foot poles. This was a problem for which a six foot step ladder was not going to
be of much help. Thus ended that early weekend of insulator collecting with the
collection still at four.
On the way home, discussions were held between
passengers in the front seat and back seat as to possible solutions such as,
climb the poles, find shorter poles or cut the poles down! Fortunately, a
different alternative occurred during the week at the school where I taught. The classroom flag poles
were jointed and when joined together
formed a sturdy twelve foot pole and when unconnected formed two 6 foot poles
which fit easily into the back of the wagon. This pole was soon improved with
the addition of a rubber crutch tip at one end and a rubber bicycle handlebar
grip at the other end -- we were in the insulator collecting business -- or were
we? There was still the problem of being in full view of a fairly heavily traveled
The next weekend found the station wagon venturing further
northwest on SR 71 0 and hallelujah, the tracks disappeared behind some trees
and there was a turn off to a railroad signal house. Of course, the station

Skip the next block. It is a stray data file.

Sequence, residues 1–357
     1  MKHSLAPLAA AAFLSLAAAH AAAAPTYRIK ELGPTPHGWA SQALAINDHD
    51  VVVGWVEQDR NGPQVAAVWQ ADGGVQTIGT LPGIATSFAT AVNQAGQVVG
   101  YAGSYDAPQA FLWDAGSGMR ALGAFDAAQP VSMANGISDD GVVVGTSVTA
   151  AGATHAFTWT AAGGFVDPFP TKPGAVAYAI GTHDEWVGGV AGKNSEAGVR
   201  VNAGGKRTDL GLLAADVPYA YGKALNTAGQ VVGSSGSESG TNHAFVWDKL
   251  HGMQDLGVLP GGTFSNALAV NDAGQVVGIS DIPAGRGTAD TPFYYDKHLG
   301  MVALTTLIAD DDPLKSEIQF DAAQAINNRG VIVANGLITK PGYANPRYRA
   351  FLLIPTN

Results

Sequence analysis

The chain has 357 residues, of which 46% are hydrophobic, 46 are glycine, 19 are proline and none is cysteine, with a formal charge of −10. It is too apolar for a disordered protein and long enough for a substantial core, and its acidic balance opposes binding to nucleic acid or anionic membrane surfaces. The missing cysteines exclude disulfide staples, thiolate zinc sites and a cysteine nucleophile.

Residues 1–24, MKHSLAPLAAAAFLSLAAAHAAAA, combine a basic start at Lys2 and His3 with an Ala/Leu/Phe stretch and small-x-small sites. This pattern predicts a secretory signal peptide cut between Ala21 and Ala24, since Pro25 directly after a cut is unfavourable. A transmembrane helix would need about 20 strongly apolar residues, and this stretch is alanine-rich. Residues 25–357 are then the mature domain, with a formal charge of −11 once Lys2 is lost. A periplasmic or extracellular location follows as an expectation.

wagon pulled through and parked behind the signal house, counting on the fact
that only the Adams family were working on Sunday. The jointed pole was quickly
assembled and was soon put into action as the children ran ahead and scouted
good hunting territory and soon a number of dark blue Hemingray 42s found their
way back to the box in the rear of the station wagon. Soon the 42s were joined
by a few WHITALL TATUM DP1s in a lovely (we thought) ice blue color. Several
poles down this line, strange looking dome shaped insulators made by somebody
named BROOKFIELD made their appearance and soon joined the collection in the box.
Upon hearing a noise on the other side of an embankment along the
railroad right-of-way, we cautiously climbed the rise only to come face to face
with a six foot Florida alligator who had cautiously climbed the other side of